Wednesday, February 20, 2008, 7:26 AM

COA Holds Internal Affairs Not Jurisdictional, Etc. In Corporate Potpourri Case

In Bluebird Corp. v. Aubin, the COA addressed a potpourri of corporate, evidentiary and procedural issues.

Bluebird was a commercial real estate investment corp. owned by 2 shareholders, Susi and Aubin. Susi was the $$ shareholder, and Aubin the day-to-day manager and marketer shareholder. In 1998, Aubin found an investment opportunity, the Harborgate development. In 1999, at the Harborgate closing, Aubin was informed that not Bluebird but rather a new company, The Susi Corporation, was buying Harborgate. When Aubin later found out that neither she nor Bluebird had any interest in The Susi Corporation, she demanded a 50% interest, didn't get that, and sued. Years of litigation in NY and NC followed, during which, among other things, a receiver was appointed in NY and Bluebird properties in NY were sold.

In August 2004, Aubin's lawyer contacted Susi's and Bluebird's lawyer about an offer Aubin received on Harborgate. But Aubin's lawyer refused to disclose the potential buyer unless Aubin got a cut of the Harborgate deal. Susi and Bluebird sued Aubin for breach of fiduciary duty, constructive fraud, and other claims, and Aubin counterclaimed. The trial court dismissed the claims against Aubin but hit Susi with $1.175 million in damages for breach of fiduciary duty and constructive fraud. Susi appealed.

Susi first attacked the trial court's judgment by claiming that the NC trial court improperly overturned the NY trial court, and specifically the NY trial court's determination that the sale of NY property was fair. Susi claimed the NC court was barred by res judicata, collateral estoppel, and fair faith and credit. The COA disagreed, stating that there was no NY judgment in the appellate record indicating that the NY court had adjudicated on the merits the same claims and issues raised in Aubin's counterclaims. There was, therefore, no improper overturning.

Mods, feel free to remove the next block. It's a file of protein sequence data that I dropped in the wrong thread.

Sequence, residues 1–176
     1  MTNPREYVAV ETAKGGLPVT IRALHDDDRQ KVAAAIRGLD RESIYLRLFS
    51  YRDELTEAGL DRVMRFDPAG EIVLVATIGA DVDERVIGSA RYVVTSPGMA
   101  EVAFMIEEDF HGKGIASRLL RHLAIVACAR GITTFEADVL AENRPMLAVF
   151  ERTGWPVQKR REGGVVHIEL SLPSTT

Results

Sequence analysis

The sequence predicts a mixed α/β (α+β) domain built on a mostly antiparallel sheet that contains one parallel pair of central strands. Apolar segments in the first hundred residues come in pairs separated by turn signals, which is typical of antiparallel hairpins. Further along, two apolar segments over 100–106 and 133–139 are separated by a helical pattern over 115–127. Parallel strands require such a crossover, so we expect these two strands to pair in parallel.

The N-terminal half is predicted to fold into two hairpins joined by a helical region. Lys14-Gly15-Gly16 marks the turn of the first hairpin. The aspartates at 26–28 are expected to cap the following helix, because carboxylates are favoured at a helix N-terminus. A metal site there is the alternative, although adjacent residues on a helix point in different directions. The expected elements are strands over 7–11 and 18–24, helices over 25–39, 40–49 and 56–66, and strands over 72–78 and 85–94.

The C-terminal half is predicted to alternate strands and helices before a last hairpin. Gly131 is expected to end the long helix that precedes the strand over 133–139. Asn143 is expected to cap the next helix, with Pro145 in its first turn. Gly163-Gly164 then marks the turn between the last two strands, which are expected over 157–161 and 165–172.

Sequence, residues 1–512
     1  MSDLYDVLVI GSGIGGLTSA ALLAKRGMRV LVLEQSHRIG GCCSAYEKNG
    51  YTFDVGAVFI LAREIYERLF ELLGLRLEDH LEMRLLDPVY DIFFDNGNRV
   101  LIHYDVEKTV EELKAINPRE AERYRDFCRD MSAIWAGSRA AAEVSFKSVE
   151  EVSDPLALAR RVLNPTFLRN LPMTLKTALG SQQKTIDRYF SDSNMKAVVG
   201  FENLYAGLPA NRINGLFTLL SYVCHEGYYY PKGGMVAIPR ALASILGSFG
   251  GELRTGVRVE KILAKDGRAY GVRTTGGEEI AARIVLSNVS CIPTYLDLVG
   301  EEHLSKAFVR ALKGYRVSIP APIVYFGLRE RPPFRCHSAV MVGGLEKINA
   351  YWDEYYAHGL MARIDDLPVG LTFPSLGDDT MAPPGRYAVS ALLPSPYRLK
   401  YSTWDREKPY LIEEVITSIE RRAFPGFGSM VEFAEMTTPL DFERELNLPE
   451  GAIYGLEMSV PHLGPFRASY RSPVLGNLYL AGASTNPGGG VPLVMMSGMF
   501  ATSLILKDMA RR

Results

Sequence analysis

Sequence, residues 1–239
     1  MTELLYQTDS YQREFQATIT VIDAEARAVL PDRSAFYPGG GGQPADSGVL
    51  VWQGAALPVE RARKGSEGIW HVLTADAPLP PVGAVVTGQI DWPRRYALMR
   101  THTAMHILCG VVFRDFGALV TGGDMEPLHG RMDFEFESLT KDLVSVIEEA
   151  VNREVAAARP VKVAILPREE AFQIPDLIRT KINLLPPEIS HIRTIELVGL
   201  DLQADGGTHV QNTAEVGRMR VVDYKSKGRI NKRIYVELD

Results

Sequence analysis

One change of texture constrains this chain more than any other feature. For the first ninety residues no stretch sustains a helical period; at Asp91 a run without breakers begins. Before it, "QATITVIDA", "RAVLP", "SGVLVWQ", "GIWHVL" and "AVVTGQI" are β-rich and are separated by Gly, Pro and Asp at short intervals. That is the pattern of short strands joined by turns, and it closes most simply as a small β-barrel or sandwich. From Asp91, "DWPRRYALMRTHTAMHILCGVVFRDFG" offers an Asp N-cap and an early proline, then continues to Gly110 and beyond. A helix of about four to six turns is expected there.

The COA also held that Susi wrongly cast the corporate internal affairs doctrine as jurisdictional, and as barring an NC court from addressing a NY corporation's issues. The COA held that all the internal affairs doctrine does is require NC courts addressing corporate issues of NY companies to do so applying NY law.

Susi also protested on appeal Aubin's damages testimony, which in NC was higher than prior testimony by affidavit. The COA noted, among other things, that discrepant testimony is a credibility issue, not an admissibility issue, and that the trial court didn't abuse its discretion in admitting the evidence.

The COA then refused to reach issues surrounding the trial court's dismissal of the claims against Aubin due to Susi's failure to assign error to pertinent findings and conclusions. The COA reminded appellate counsel yet again to be hyper-vigilant as to what, and how, to assign error.


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